(Chinese: "knock head"; from kou, "to knock", and tou, "head"; also spelled kowtow or kotow)

In Chinese imperial times, ceremonial abasement, executed by kneeling and placing forehead on the ground to signify humility before a superior. After the Opium War ended in 1842, foreign diplomats from Europe and the U.S. no longer had to perform the koutou to the emperor.

Kowtow is Chinese for "knock head". It was a way of showing submission or homage in ancient China. It was performed by kneeling and "knocking" your head to the ground. Usually, no more than three knockings were performed, but when Dutch merchants approached the Emperor (of China) they had to perform 9 kowtows in order for them to show their submission and to humilitate them. The emperor then decided to give them limited trading rights with the then very isolated China.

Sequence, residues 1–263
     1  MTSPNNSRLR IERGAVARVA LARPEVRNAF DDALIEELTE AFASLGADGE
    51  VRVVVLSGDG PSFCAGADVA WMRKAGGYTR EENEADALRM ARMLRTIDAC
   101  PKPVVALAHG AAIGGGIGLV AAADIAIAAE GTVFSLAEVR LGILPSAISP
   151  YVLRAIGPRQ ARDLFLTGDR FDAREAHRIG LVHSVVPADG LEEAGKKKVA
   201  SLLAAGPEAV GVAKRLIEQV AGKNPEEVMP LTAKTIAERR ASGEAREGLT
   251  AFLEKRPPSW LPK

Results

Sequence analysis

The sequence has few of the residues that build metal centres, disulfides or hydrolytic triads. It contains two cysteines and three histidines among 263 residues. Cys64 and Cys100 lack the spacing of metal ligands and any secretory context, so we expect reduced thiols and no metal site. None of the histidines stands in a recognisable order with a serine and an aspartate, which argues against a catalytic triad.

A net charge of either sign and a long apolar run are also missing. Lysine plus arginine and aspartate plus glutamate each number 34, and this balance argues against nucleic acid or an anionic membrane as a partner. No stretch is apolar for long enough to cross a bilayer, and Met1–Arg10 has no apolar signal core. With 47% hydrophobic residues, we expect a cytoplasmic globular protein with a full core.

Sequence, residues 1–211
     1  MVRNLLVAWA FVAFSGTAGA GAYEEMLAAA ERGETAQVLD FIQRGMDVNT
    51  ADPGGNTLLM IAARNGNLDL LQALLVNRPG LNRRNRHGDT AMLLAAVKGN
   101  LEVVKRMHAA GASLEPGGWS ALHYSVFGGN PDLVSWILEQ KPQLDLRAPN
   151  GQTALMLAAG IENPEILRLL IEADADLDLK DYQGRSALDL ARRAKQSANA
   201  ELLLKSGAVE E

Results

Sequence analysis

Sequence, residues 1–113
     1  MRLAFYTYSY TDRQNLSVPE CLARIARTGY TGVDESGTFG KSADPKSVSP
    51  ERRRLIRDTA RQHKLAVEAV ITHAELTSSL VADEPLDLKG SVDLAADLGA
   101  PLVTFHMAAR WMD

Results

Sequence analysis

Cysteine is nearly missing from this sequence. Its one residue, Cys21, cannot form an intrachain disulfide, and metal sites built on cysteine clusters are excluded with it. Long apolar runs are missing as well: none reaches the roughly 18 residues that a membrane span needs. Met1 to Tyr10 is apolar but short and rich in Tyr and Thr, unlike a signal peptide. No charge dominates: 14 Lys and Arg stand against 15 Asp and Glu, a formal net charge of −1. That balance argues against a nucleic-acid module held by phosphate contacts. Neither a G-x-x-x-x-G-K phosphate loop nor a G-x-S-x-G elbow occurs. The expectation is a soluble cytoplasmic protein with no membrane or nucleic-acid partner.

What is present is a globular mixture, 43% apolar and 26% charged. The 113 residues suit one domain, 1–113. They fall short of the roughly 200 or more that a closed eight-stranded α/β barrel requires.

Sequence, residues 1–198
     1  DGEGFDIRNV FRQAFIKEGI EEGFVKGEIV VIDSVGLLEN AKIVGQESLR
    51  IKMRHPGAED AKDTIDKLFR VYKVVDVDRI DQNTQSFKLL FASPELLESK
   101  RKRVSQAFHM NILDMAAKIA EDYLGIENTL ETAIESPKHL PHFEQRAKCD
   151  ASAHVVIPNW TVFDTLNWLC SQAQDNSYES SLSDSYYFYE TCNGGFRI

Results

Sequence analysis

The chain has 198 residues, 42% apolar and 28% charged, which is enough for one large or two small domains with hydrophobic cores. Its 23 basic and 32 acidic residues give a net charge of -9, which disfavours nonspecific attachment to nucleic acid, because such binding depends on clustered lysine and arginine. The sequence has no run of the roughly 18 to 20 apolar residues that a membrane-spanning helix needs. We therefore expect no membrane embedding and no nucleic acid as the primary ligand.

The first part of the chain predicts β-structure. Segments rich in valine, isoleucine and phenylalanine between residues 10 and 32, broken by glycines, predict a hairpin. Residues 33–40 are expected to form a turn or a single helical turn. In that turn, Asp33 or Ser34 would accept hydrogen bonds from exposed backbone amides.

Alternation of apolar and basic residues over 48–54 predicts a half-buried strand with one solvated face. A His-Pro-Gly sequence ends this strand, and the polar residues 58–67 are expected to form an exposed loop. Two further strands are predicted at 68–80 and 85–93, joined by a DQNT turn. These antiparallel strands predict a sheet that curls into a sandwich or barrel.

When British merchants (led by Lord George Macartney) approached the Emperor they refused to kowtow, but agreed to kneel before him as to their own King. This angered the emperor who threw them out of the country along with an angry letter to the King of England.

gn0sis points out that "...there is no "Chinese", but the words "hit head" are indeed kou4 tou2 (kòu tóu) in Mandarin." Thanks gn0sis!
Also, there seems to be at least three spellings of this; kowtow, koutou and kotow. Thanks to liveforever for pointing that out.

Kow*tow" (?), n. & v. i.

The same as Kotow.

I have salaamed and kowtowed to him. H. James.

 

© Webster 1913.

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